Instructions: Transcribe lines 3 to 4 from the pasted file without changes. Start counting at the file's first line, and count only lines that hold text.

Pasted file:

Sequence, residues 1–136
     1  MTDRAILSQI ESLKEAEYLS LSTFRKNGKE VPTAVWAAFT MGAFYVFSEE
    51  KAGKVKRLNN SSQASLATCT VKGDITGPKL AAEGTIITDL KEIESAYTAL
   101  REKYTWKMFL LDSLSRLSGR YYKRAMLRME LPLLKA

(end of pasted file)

    51  KAGKVKRLNN SSQASLATCT VKGDITGPKL AAEGTIITDL KEIESAYTAL
   101  REKYTWKMFL LDSLSRLSGR YYKRAMLRME LPLLKA